The only thing you can do is to try and structure your tax situation as best you can. Make sure he is taking maximum advantage of all his employer provided benefits including 401(k) contributions, Sec. 125 flexible spending accounts as well as any salary deferral opportunities such as non-qualified deferred compensation plans (usually reserved for top executives and employees). Your husband might also consider talking with his company about compensating him with certain types of life insurance as well as restricted stock. Both of these types of compensation have tax advantages but there is also no immediate cash flow either. Unfortunately thats the general rule, you get taxed when you get the money.
The next thing you need to do is to structure your investments to be as tax efficient as possible within the context of your ability to tolerate risk. This means structuring your portfolio to maximize dividends and long-term capital gains in taxable accounts (i.e. subject to a max tax rate of 15%) and your ordinary and interest income generating investments (i.e. bonds and real estate funds) in tax-deferred accounts. However, you should have some growth investments in your tax-deferred accounts so don't go overboard. Also, consider investing your excess assets in a variable annuity which allows you to invest tax-deferred. Vanguard has an excellent, low-cost variable annuity product. However, remember the trade-off to investing in an annuity is that in exchange for getting the tax-deferral, all distributions of your annuity earnings is consdidered to be ordinary income taxed at your marginal rates. Thus, you want to try to limit distributions from an annuity until you are in a lower tax bracket (i.e. your retired).
Finally, to maximize your education savings I recommend that you look at funding IRC Sec. 529 plans for each of your children.
IRC Sec. 529 plans are generally state sponsored education savings plans. While there is no current federal deduction for contributions to such plans, many states do allow deductions or credits against state income taxes.
Sec. 529 plans allow you to save and invest money for post-secondary (i.e. college) education on a tax-deferred basis (like an IRA). However, if you withdraw the funds and use them to pay for qualified education expenses including tuition and fees, then you may withdraw your contributions and earnings tax-free. Further, you may establish yourself as trustee of the account with your child as beneficiary giving you control over the account. The beneficiary has no rights to the account ever, and should your desire to change the beneficiary (because your child did not go to college) you may do so even naming yourself. You may withdraw the money back (however earnings will be subject to income tax and a 10% penalty, your original contributions may be withdrawn free of tax and penalties). Funds placed in the Sec. 529 accounts are considered removed from your taxable estate making these accounts decent estate planning tools.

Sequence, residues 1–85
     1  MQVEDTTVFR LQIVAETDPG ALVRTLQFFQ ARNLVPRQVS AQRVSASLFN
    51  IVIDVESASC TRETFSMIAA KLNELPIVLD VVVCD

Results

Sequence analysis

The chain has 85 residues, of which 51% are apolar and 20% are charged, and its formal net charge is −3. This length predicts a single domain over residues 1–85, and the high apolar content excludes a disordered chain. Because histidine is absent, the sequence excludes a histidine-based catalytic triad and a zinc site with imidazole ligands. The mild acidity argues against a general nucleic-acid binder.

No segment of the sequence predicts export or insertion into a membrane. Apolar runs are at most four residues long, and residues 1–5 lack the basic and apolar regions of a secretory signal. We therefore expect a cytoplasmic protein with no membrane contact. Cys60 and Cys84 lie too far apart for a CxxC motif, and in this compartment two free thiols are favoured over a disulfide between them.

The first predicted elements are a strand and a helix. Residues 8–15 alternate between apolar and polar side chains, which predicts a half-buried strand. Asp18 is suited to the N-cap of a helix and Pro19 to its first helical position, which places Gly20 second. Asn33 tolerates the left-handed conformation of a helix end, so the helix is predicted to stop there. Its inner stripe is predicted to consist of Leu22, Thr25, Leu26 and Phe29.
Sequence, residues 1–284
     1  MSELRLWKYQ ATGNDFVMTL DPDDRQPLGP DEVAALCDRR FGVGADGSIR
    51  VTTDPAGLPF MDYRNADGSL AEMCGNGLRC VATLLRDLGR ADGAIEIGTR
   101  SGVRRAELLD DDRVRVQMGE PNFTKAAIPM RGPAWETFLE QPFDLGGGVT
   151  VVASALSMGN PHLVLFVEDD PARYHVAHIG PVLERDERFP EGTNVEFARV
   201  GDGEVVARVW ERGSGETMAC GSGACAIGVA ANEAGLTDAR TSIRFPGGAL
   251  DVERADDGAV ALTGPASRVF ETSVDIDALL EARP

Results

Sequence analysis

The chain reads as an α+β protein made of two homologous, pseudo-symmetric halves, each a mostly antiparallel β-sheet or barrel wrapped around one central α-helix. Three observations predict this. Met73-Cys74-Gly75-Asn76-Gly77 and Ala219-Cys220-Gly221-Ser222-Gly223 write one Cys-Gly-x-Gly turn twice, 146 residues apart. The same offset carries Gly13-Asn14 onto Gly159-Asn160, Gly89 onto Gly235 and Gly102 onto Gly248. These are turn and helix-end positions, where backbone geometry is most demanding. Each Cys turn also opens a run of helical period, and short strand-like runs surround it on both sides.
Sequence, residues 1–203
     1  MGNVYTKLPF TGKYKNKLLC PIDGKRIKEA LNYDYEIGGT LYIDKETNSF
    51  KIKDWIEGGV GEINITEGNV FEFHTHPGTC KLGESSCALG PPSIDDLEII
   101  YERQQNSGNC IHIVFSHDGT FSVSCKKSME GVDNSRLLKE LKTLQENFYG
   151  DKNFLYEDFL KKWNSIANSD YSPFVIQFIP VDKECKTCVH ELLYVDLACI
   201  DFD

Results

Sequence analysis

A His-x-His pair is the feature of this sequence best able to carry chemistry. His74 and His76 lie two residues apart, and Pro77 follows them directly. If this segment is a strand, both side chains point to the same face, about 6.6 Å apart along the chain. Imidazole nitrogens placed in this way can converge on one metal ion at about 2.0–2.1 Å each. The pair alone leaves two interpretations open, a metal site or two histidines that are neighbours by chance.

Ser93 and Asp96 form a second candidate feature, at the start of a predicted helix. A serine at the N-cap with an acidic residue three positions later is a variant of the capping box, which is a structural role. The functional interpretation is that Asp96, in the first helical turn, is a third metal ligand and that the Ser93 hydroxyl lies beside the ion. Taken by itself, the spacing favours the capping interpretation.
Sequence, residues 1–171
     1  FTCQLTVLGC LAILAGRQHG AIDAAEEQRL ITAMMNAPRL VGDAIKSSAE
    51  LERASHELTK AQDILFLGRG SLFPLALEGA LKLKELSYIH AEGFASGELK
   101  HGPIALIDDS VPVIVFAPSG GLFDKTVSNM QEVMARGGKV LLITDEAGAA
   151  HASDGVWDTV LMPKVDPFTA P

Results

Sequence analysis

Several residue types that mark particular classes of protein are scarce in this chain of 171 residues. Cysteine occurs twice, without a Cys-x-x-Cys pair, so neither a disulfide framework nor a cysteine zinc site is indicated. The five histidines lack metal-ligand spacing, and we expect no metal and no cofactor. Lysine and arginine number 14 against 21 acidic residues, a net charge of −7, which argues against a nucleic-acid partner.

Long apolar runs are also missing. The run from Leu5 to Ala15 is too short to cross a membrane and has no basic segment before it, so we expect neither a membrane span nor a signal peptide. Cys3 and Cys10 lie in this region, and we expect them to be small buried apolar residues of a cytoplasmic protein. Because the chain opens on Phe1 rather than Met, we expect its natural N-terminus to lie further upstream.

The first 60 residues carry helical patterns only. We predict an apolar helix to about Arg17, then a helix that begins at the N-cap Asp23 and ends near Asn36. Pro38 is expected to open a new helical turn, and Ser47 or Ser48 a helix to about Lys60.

Both you and your wife may each contribute up to $55,000 (for a total of $110,000) to one 529 account for your child. If she wants to control her half maybe she would want to set up a separate account. That is permissable.
What you need to do is file form 709 Gift Tax Return for the tax year in which you make the contribution. You can file a combined Form 709 or each of you may file a separate 709. Either way you need to file it and elect to spread your contribution ratably over the next five years. This is done by checking box B in Schedule A of Form 709 (check the forms on the IRS website). I suggest you use a tax preparer who is familiar with gift tax returns. this is something you do not want to screw up. Form 709 is due to be filed at the same date as your federal income tax return.
Once you have done this you and your wife will have effectively exhausted your ability to gift tax-free to your son for the next 5 years. After five years pass, you can then gift the balance. Alternatively, grandparents can make up the difference.
P.S. most state 529 plans have contribution limits in excess of $200,000, so you should not have any problems there.